Sep. 15, 2003—Chancellor Gordon Gee and other University representatives will deliver prizes to the winners of the 2003 "Show Your Gold" contest Sept. 17 from 3 to 4:15 p.m. More than 50 merchants took part in the second annual competition, which provides a colorful way to welcome back students while promoting school spirit. The contest was open to any display of Vanderbilt spirit, including signs, banners and window decorations. One merchant was selected as the winner from each of the following areas: Midtown, Elliston, Hillsboro and West End. Winners were: Scarlett Begonia, Jimmy John's, Smack Clothing Co., J & J.'s Market and CafÈ, and Antics.
Sep. 15, 2003—Mental health professionals may be missing at least five novel mental health problems because the impact of racism is not considered when determining mental health, a new report suggests.
Sep. 15, 2003—Vanderbilt University's Spirit of Gold Marching Band is used to maintaining a diverse repertoire. They entertain the fans during football games at Dudley Field with everything from Vanderbilt's traditional fight song to standards to pop favorites, such as Queen's We Will Rock You and Jimmy Eat World's The Middle--all in the spirit of connecting with the crowd.
Sep. 12, 2003—Chancellor Gordon Gee's Sept. 9 announcement to restructure Vanderbilt's athletics program has garnered the support of NCAA President Myles Brand and drawn national media attention. Read some of the coverage.Link to NCAA news releaseLink to Morning Edition interview with Chancellor GeeLink to Tennessean interview with Vice Chancellor David WilliamsLink to Chicago Sun Times editorialLink to Tennessean editorialLink to USA Today editorialLink to Washington Post articleLink to ESPN.com articleLink to Fresno Bee editorial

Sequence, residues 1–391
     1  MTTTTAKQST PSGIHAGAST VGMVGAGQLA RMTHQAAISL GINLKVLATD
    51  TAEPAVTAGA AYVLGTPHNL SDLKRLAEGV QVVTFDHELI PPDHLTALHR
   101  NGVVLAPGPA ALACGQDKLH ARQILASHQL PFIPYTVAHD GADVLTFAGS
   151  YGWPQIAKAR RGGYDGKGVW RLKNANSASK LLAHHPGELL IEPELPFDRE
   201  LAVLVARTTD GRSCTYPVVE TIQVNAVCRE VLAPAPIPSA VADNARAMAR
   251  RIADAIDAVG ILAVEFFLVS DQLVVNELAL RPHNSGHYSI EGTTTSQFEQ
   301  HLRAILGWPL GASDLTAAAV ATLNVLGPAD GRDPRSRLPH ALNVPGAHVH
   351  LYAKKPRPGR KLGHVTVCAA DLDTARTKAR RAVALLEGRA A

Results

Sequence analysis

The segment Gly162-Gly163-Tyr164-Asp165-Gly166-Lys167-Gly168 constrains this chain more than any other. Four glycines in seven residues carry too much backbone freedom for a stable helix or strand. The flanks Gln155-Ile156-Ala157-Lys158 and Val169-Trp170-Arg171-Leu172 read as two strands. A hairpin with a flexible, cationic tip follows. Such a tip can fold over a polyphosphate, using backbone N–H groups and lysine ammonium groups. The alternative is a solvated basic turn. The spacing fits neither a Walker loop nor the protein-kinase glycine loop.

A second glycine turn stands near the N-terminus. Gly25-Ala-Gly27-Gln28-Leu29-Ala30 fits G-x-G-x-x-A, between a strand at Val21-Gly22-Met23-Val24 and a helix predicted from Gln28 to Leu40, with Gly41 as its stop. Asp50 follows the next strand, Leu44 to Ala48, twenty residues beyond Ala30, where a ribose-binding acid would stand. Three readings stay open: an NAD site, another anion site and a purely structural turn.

Sep. 10, 2003—David Williams II, vice chancellor for student life and university affairs at Vanderbilt University, has been appointed chair of the Legal Education Committee of the General Practice, Solo and Small Firm Section of the American Bar Association.
Sep. 9, 2003—Vanderbilt University administrators, faculty, staff and students are invited to a series of campus events Thursday to mark the second anniversary of the Sept. 11 tragedy.
Sep. 8, 2003—National leaders in the field of service-learning will meet with Vanderbilt administrators Sept. 12 to discuss ongoing efforts to fully integrate the University's distinguished service-learning program into the classroom.
Sep. 5, 2003—Sirens on the Vanderbilt University campus will wail at noon Saturday, Sept. 6, as the university conducts its quarterly test of the system designed to warn the campus of imminent danger from tornadoes or violent storms.
Sep. 4, 2003—Vanderbilt University Medical Center will be one of six Southeastern universities to lead a new consortium to study microbes that could be used in a bioterrorist attack.
Sep. 4, 2003—Alain Connes, widely considered to be one of the three most influential living mathematicians, has accepted a position of distinguished professor at Vanderbilt, enabling the University to become a base for training new mathematicians to fill the ranks left vacant by a retiring generation of scholars.
Sep. 3, 2003—The inaugural Curb Lecture sponsored by Vanderbilt's Curb Center for Art, Enterprise, and Public Policy will feature Leonard Garment, president of the National Jazz Museum planned for Harlem, who will demystify the business of the arts and call for a new model of collaboration between non-profit arts organizations and the entertainment industry.
RACE AND ATHLETICS FACTOR IN KOBE BRYANT CASE Vanderbilt University researcher says many star athletes able to transcend race until they make a public mistake
Aug. 29, 2003—The public's view of top athletes such as Kobe Bryant, Michael Jordan and Tiger Woods is that these men are athletes first and black men second, according to Tony N. Brown, assistant professor of sociology at Vanderbilt University.